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The sheer scale of SXSW can be overwhelming for those looking for guidance on the next big thing. I went to Austin with one mission in mind: to zero in on conversational interfaces.
2017 has huge potential for widespread adoption of conversational interfaces. It follows promising work by early adopters such as Activision, Burberry, and H&M, which proved the early promise of the humble chatbot.
Meanwhile, voice assistants like Alexa and Google Assistant are shaping the connected home, providing us with fluid, intuitive access to services and products.
But there’s more still to come as the field develops. I believe every business should equip itself with a chat strategy to guide how its audience speaks and engages with it.
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It sounds like a daunting prospect, but this year SXSW was chock-full of expert advice and debate to help guide that process.
One of the first sessions I attended this year asked Are Biometrics the New Face of Surveillance?
With a panel including the FBI, biometric experts Kairos, and privacy activist Cory Doctorow, it was an arresting debate. Its core subject — procuring and securing personal data — is also fundamental to the future success of conversational interfaces.
Its early slot in the SXSW programme shows the importance of these issues. While conversational interfaces are picking up momentum for good reason, it’s vital that the systems behind them are robust enough to provide security while also delivering a smooth user experience.
The rightful victims of this shift are passwords and PINs – who wants to shout out their bank details to complete an online order using voice? In their place, facial recognition, fingerprinting, and iris scanning are becoming useful tools to verify who you are rather than simply what you know.
New tech, new blood
You know SXSW is a melting pot, but new challenges of the conversational interface are bringing diverse talent to the wider tech industry, too.
Comedians, directors, poets, and others from artistic disciplines are now finding new roles: creating voices for businesses.
The transition makes sense when you consider that these professions trade on human understanding and empathy. Those are two qualities that successful conversational interfaces will depend on.
While “brand voice” will be a familiar consideration for many marketers, chatbots and voice assistants change the dynamic completely. How do you handle off-topic conversations, complex questions, or complaints — sometimes all at the same time?
Creating the right experience across these variables will entail more than “seeming human.”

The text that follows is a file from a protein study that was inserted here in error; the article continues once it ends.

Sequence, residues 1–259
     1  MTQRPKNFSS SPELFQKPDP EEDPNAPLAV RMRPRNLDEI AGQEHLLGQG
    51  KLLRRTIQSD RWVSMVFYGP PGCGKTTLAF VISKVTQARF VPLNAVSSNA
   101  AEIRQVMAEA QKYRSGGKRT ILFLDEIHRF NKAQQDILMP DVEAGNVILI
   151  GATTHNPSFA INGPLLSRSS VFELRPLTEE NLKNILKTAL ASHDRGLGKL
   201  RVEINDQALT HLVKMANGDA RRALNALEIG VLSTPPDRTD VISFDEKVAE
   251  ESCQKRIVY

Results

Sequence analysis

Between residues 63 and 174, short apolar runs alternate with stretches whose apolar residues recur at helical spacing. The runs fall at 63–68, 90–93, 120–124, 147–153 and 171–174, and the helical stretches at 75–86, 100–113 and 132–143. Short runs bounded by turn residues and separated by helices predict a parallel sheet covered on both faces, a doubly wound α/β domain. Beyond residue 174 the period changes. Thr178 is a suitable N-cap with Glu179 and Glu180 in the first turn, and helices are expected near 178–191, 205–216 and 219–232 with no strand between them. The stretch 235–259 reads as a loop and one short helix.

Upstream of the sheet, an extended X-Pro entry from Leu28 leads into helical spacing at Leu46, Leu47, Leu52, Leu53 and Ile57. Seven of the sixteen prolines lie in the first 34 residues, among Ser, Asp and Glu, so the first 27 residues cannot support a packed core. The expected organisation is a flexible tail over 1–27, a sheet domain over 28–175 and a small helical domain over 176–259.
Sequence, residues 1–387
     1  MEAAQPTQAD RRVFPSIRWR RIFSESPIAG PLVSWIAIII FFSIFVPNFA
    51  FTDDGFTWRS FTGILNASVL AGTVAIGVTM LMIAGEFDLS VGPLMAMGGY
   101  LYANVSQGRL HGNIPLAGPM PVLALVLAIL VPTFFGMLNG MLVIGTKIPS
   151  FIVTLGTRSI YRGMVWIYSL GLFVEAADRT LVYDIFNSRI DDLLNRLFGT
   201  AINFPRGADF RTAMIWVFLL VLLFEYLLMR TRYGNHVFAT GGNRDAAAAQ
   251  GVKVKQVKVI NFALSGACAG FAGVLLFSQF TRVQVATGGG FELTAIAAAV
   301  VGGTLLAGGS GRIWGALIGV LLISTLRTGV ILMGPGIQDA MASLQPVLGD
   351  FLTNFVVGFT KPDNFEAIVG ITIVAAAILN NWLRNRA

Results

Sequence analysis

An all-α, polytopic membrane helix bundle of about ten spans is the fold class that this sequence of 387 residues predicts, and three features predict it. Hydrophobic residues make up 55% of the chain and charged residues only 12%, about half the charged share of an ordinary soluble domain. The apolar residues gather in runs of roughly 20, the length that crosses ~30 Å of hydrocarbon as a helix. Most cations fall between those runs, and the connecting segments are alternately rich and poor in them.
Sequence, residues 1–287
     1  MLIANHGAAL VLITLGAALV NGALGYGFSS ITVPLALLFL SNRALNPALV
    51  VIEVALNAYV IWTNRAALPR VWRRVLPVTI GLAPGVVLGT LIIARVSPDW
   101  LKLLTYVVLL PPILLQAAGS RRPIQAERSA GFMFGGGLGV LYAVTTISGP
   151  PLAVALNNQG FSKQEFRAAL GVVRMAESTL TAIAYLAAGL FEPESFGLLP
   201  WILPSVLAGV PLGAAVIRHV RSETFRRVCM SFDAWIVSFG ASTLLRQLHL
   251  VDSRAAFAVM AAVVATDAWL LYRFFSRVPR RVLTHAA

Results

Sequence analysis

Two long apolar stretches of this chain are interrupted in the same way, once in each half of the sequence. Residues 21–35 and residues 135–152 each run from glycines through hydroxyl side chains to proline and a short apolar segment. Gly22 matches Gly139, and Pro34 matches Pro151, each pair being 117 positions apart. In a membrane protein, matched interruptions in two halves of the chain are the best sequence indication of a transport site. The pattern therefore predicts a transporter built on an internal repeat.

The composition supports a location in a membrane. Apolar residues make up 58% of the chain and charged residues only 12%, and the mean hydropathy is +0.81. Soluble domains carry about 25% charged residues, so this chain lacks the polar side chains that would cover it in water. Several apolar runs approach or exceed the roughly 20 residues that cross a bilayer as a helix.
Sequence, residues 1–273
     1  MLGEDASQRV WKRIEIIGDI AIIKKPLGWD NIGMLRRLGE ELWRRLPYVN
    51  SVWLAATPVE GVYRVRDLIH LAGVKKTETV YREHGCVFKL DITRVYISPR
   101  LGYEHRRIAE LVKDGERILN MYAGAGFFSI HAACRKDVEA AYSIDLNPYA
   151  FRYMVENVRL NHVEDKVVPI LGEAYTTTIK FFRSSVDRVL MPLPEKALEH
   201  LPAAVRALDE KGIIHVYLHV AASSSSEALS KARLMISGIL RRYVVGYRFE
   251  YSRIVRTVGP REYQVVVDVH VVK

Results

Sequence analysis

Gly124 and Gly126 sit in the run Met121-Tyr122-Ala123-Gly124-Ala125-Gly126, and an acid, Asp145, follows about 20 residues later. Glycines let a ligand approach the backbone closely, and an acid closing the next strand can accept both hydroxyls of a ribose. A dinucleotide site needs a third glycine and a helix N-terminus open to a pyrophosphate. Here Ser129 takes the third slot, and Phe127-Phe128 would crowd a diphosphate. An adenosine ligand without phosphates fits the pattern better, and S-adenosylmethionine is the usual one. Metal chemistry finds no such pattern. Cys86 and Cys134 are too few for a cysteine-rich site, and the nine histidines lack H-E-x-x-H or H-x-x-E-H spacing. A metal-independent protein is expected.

Conveying empathy and instilling confidence — maybe a little well-judged humor, too — could make or break the user experience.
John Maeda (Head of computational design and inclusion at Automatic) advocated for this crossover when he presented the third annual Design In Tech report on Saturday. He called on designers to “love their copywriters and content strategists” in order to take full advantage of language as an interface.
Emotional design for the many
In a Friday session on Designing emotionally intelligent machines, Sophie Kleber (Executive Director of product and innovation at Huge) projected the market for emotional recognition software will hit $36.7 billion by 2021. That’s incredible growth for a field that many aren’t even aware of yet — a field exploring the role of face and voice recognition in forging emotional connections
But while this tech will help establish emotional cues from a user, how do we then determine how a system should respond?
Kleber proposed a framework to address this question, comprising two axes. One is a customer’s need for emotional connection; the other is a brand’s permission to fulfil it. When neither exist, the system should tune out. When the former is high but the latter is low, the system should behave like a machine. The system should, therefore, only react like a human when there is permission to do so.
To turn that framework into reality, designers and writers will need to become familiar with psychology, Kleber said. Deep understanding of emotional processes and responses will be crucial to devising the right system responses.
I’d add an extra requirement for tomorrow’s designers to create appropriate responses: be the target audience.
It sounds facile, but Maeda had a similar message in his report. He reinforced the point that diverse backgrounds are “inseparable” from successful design.
If future tech is going to benefit the many, it must cater to the full spectrum of their needs. That can’t happen without a representative design cohort behind the curtain.
Dan Harvey is Chief Creative Officer at Zone.
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